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New disease detection system promises faster and cheaper results for vets

28 February 2019, at 10:22am

Agricultural inspectors and vets hoping to contain the spread of animal diseases can now turn to a faster and less expensive biological detection system.

According to reporting at Kansas Ag Connection, the new system, Axiom Microbiome Array, or AMA, the new biological detection system is the most comprehensive microorganism detection platform built to date and the first high-throughput microarray.

The AMA is the commercialised successor to Lawrence Livermore National Laboratory's earlier microarray, called the Lawrence Livermore Microbial Detection Array (LLMDA).

The LLMDA was licensed in 2016 to Waltham, Massachusetts-based Thermo Fisher Scientific and went on sale later that year as Applied Biosystems AMA.

In a yearlong evaluation, published earlier this month in the online scientific journal PLOS ONE, a team of researchers from LLNL, Kansas State University and Thermo Fisher Scientific concluded that the microbiome array "is an efficient tool to rapidly analyse large numbers of clinical and environmental samples for the presence of multiple viral and bacterial pathogens."

"Two of the array's advantages are that it's faster and cheaper," said Raymond "Bob" Rowland, professor of diagnostic medicine and pathobiology at Kansas State's College of Veterinary Medicine. "I live in the world of veterinary medicine and cost is critical.

"If we were to do a test using the LLMDA, it would have cost us about $250 just for the reagents; now with the AMA we can do the same tests for $40."

When LLNL biologists and computer scientists first unveiled the versatile LLMDA in 2010, it could analyse samples for nearly 3,000 bacteria and viruses, all within 24 hours. But it could only analyse four samples a day.

With the 96-well AMA, the new detection system can analyse 96 samples in three days. Additionally, each of the 96 wells contain about 1.4 million probes, so samples are analysed by about 132 million probes.

"One of the most important conclusions of our study is that this is the first high-throughput microarray that has been developed," said LLNL biologist Crystal Jaing, who heads the LLMDA/AMA efforts. "It increases the throughput by 10- to 20-fold and decreases the cost by five-fold."

As LLNL and Thermo Fisher Scientific researchers moved to a higher throughput microarray, one of the team's prime goals has been to maintain a high-resolution and sensitivity of detection.

In their PLOS ONE paper, researchers from the three institutions note that with the new array, they were able to detect both Shigella, a food-borne bacterial pathogen, and Aspergillus, a fungal pathogen, at 100 genome copies, as well as vaccinia virus DNA, a genetic relation to smallpox, at 1,000 genome copies.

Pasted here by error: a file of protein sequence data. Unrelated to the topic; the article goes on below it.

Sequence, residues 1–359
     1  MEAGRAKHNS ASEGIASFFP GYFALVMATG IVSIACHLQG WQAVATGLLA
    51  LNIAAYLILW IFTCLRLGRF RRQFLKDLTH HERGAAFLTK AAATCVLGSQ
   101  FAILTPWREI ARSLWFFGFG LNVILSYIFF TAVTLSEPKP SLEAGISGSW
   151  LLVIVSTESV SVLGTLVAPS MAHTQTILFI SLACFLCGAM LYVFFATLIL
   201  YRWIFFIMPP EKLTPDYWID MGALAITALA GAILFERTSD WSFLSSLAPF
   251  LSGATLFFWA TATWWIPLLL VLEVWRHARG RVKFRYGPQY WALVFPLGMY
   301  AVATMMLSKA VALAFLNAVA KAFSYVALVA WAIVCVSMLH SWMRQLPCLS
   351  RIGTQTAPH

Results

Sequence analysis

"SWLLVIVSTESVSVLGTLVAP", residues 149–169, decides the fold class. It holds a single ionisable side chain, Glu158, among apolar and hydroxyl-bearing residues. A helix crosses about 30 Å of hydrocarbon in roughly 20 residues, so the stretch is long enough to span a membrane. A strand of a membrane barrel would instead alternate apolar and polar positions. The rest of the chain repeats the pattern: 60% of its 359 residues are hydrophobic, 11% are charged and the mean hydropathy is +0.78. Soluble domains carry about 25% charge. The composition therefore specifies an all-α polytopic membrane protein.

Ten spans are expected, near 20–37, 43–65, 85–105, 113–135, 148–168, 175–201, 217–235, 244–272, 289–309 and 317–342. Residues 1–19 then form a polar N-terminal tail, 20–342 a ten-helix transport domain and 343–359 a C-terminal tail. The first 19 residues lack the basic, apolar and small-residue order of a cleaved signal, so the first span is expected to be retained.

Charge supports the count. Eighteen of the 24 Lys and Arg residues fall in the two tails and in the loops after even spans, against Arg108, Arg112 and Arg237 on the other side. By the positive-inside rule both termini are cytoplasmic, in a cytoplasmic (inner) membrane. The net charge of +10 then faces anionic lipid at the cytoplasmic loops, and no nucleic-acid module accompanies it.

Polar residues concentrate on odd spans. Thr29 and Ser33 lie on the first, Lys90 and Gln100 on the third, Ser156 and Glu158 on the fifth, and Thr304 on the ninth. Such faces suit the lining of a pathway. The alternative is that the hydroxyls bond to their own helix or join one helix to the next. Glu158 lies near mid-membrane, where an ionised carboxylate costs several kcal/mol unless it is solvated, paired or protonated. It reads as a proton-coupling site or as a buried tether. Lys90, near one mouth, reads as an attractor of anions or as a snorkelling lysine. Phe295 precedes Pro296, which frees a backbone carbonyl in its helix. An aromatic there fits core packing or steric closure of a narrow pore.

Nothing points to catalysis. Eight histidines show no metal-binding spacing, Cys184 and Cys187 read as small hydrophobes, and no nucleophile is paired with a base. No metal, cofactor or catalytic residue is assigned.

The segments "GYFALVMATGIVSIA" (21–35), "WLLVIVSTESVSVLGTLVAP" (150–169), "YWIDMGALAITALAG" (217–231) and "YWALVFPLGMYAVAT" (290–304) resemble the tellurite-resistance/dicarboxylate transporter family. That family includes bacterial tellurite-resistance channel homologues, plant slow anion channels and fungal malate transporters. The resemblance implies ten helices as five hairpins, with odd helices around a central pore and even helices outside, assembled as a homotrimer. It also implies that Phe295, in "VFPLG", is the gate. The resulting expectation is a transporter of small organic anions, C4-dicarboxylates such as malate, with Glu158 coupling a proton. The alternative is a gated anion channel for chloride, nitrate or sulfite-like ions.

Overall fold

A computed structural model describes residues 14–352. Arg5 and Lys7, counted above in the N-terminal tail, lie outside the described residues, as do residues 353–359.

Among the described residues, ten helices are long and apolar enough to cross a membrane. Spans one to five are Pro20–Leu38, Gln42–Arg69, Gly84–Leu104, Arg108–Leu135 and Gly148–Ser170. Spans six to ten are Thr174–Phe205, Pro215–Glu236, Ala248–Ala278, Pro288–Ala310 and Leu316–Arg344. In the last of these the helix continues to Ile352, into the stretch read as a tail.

In veterinary tests with pigs, the microbiome array detected two viruses - porcine reproductive and respiratory syndrome virus and porcine circovirus type 2 - as well as other common viral and bacterial microbiome species.

During their evaluation, the researchers conducted tests with 14 veterinary samples and 30 environmental samples, finding that the AMA performed at a resolution similar to the LLMDA, according to Jaing.

Because of the microbiome array, veterinarians can now conduct multiple tests on a single animal in Rowland's view.

"This is a technology that is meant for the veterinary technician to use. It's the everything test for everything.

"We base our testing on pathology. When we see a change in the tissue of an organ, that's where your pathogen can usually be found. If we see changes in multiple organs and multiple tissues, now we can sample them all," Rowland said.

According to the PLOS ONE paper authors, "Rapid detection and characterisation of bacterial and viral pathogens is important for clinical microbiological diagnostics, public health, veterinary diagnostics, drug and food safety, environmental monitoring and biodefense."

The current version of the AMA has the capability to detect more than 12,000 microorganisms and can identify 6,901 bacteria, 4,770 viruses and a combined total of 842 archaea, fungi and protozoa.

The new arrays, which come in 24- and 96-well formats, can analyse a variety of different sample types and can be used for nutrigenomics, agrigenomics, plus animal research and modelling.

In addition to Rowland and Jaing, the paper's lead author, other paper co-authors are LLNL biologists James Thissen and Nicholas Be, LLNL bioinformaticists Kevin McLoughlin and Shea Gardner (deceased), retired LLNL computer scientist Tom Slezak and Thermo Fisher Scientific biologists Paul Rack and Michael Shapero.

You can read the original story here.